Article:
Great Depression and the New Deal
of the 1920's & 1930's
The History Beat...
Online Great Depression, FDR
and New Deal Resources
|A short history of the Great Depression |
The Great Depression is the period of history that followed "Black Thursday", the stock market crash of Thursday, October 24, 1929. The events in the United States triggered a world-wide depression, which led to deflation and a great increase in unemployment.
Many economists argue that the Great Depression was both caused and prolonged by government action. Richard Rahn wrote, "After the stock market crash in 1929, government revenues fell because of the drop in economic activity. The Hoover administration and the Congress increased taxes in a futile attempt to balance the budget. The tax increase only caused a further drop in economic activity, which enlarged the deficit even more. 
Although the initial trigger event may not have been the result of government action, many have argued that incorrect economic policies turned the stock market crash from a momentary crisis into a decade long depression. In particular two policies have been singled out by economists.
The first is the tight money policies of the Federal Reserve which restricted the money supply. The second was the recourse to protectionism with measures such as the Hawley-Smoot Tariff Act, which raised tariffs on imports in order to protect local producers who were being hurt by foreign competition. In response, many other countries also raised their tariffs, badly hurting US businesses that exported their goods. This led to a chain reaction of tariff increases which fragmented the world economy.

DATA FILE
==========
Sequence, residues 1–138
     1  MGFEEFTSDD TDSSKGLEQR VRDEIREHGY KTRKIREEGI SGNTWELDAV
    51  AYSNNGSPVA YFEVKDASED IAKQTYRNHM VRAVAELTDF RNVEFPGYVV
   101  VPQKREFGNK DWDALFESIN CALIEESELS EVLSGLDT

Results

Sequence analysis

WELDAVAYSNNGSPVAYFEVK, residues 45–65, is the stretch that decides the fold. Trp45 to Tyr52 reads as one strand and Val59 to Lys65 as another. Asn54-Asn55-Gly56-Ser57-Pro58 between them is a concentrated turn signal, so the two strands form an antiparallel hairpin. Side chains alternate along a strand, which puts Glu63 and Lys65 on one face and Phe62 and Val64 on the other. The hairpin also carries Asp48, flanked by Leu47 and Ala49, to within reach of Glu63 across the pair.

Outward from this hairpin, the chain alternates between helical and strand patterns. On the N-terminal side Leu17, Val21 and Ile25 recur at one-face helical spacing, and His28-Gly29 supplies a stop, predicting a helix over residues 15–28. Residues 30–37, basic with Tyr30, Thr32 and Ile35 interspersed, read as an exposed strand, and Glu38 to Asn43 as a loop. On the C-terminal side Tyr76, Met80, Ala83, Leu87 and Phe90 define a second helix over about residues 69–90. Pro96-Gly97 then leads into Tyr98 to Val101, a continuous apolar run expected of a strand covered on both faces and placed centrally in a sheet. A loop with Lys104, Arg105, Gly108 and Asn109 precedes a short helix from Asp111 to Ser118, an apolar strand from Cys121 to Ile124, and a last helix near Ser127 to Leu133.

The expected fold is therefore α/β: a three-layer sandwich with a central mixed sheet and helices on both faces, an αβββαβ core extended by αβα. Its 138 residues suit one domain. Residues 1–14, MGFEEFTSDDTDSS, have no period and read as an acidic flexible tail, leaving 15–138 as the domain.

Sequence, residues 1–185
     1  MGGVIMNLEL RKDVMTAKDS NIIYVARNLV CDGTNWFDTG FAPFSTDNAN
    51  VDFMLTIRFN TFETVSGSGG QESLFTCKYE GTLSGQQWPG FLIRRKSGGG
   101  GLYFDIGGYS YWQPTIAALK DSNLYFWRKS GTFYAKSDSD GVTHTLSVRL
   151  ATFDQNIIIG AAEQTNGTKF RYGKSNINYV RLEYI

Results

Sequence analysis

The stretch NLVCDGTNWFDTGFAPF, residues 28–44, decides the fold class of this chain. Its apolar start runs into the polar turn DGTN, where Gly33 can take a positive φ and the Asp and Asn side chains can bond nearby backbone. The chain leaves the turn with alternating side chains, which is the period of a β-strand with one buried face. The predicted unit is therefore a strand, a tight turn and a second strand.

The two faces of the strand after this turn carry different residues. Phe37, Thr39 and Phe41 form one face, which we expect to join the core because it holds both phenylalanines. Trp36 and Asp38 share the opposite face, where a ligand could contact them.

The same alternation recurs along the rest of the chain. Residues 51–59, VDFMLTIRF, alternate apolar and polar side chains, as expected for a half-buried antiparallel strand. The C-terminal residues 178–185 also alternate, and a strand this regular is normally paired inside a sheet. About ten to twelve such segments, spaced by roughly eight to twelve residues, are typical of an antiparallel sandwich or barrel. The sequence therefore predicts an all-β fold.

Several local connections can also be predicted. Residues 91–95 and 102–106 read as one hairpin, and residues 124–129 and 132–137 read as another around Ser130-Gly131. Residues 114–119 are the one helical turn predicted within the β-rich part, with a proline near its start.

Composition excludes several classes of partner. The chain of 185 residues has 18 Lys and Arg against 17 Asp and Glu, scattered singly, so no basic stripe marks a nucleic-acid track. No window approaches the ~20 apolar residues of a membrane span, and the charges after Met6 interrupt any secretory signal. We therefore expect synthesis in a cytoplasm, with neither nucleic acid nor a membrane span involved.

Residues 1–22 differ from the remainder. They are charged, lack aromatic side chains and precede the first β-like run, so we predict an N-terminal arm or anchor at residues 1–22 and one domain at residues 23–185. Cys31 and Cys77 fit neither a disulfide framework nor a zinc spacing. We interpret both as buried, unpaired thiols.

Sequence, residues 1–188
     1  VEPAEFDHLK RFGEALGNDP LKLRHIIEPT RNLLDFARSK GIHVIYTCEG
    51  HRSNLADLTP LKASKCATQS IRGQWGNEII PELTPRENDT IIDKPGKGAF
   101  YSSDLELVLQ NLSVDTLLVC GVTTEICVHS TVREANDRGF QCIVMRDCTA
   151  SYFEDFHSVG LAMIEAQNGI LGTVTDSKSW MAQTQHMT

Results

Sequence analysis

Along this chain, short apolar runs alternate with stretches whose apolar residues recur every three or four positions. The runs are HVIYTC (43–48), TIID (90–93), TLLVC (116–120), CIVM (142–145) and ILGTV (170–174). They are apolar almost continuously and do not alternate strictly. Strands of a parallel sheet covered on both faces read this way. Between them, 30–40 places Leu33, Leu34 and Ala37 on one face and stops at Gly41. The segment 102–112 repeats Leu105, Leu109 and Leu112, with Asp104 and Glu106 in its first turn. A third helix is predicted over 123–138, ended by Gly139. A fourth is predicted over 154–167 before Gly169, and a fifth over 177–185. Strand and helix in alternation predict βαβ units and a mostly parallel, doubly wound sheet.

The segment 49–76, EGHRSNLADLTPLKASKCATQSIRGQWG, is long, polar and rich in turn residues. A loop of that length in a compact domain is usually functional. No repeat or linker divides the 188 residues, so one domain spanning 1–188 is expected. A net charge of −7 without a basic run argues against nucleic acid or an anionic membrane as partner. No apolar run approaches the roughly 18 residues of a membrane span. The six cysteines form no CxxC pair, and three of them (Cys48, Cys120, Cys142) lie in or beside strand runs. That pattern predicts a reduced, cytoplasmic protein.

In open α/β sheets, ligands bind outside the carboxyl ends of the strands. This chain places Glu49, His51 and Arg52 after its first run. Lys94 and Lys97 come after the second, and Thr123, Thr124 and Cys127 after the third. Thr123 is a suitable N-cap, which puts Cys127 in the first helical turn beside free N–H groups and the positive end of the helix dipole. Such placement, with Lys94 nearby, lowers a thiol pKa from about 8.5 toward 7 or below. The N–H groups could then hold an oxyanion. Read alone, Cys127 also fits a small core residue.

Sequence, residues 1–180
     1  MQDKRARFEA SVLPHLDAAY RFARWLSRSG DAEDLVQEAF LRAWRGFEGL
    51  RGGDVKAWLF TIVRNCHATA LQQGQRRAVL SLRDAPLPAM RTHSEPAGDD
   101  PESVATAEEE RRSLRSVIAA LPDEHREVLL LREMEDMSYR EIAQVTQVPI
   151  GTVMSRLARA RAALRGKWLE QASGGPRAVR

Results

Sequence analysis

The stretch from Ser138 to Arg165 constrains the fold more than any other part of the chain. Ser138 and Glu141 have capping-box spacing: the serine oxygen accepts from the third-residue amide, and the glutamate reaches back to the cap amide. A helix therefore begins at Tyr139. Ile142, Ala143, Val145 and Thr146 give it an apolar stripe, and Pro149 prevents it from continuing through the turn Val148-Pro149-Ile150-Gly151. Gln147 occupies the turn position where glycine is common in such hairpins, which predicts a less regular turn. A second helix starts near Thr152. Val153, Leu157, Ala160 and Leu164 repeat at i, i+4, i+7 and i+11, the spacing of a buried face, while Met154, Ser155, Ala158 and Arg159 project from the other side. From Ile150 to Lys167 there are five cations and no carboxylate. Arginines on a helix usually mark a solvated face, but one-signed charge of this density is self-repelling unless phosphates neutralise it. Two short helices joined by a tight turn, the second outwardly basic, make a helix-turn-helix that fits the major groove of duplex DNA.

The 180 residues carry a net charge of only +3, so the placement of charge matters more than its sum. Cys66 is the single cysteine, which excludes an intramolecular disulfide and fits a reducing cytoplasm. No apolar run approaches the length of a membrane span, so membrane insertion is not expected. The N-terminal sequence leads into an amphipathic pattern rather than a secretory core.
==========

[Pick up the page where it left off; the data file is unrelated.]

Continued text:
In the United States, Herbert Hoover was president, and he tried to do something about the situation without much luck. One of the major problems was that with deflation, the currency that you kept in your pocket could buy more goods as the prices went down. The other was that there had been no oversight in the stock market or other investments, and with the collapse, many of the stock and investment schemes were found to be either insolvent, or outright frauds. Unfortunately, many banks had invested in these schemes, and this precipitated a collapse of the banking system in 1932. With the banking system in shambles, and people holding on to whatever currency that they had, there was minimal cash available for any activities that would cause positive change.
In Germany unemployment increased drastically, fuelling widespread disillusionment and anger. Promising to fix the situation, Adolf Hitler took over the government there.
In 1933 the United States elected Franklin Delano Roosevelt to replace Hoover as president. With unemployment near twenty five percent of the workforce, he initiated a number of government programs to increase liquidity and provide jobs, which jointly are called the New Deal. Some believe that these actions helped bring the country out of the depression--though there is considerable controversy over the extent to which this is true--and provided some of the infrastructure, including roads that are still in use today.
Because the US was still in a state of depression when it entered World War II, it is hard to make a serious argument that the New Deal was a success. The reasons, however are open to debate. Some argue that the inherent instability of a market economy caused such a bad depression that even the well-chosen interventions of the New Deal could not correct it quickly. Others argue that because this longest depression in US history was also marked by the greatest degree of government intervention in US history, it is more reasonable to argue that government action worsened, rather than lessened, the severity of the depression.